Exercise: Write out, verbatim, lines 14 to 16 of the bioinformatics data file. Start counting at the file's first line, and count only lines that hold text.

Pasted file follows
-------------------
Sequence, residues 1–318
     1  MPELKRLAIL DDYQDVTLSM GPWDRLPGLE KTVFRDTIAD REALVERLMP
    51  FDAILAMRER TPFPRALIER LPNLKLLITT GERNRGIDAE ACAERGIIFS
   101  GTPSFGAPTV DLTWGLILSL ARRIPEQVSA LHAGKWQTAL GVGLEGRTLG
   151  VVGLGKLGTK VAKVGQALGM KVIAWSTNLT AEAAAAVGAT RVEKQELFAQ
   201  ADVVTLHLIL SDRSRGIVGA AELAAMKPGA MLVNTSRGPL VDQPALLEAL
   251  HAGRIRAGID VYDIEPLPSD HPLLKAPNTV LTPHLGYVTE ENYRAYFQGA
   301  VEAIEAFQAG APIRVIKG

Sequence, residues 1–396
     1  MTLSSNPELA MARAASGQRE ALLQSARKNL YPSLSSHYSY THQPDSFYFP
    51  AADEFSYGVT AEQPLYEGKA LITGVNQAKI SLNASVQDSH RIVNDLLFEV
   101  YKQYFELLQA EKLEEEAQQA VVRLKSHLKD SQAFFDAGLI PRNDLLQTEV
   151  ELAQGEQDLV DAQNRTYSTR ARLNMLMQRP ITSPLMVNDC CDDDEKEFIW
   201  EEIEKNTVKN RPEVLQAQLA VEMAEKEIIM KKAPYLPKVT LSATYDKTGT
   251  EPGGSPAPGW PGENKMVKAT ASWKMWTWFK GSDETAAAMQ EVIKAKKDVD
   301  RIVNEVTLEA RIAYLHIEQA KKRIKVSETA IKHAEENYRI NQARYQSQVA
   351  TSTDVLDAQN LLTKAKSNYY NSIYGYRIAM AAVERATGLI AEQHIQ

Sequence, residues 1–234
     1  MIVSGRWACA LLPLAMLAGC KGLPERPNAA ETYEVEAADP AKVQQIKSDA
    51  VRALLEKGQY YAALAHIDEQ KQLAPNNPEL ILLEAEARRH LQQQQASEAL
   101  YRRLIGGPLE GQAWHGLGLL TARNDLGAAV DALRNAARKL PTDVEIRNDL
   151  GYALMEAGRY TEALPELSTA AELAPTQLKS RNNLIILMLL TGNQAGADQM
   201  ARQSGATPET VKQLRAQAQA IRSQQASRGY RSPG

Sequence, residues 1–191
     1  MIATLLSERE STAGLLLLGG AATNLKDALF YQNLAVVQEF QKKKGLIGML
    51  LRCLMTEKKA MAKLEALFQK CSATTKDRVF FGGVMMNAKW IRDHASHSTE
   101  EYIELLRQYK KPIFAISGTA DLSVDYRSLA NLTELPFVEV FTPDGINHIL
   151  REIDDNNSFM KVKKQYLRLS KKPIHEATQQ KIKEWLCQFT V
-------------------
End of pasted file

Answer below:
   201  EEIEKNTVKN RPEVLQAQLA VEMAEKEIIM KKAPYLPKVT LSATYDKTGT
   251  EPGGSPAPGW PGENKMVKAT ASWKMWTWFK GSDETAAAMQ EVIKAKKDVD
   301  RIVNEVTLEA RIAYLHIEQA KKRIKVSETA IKHAEENYRI NQARYQSQVA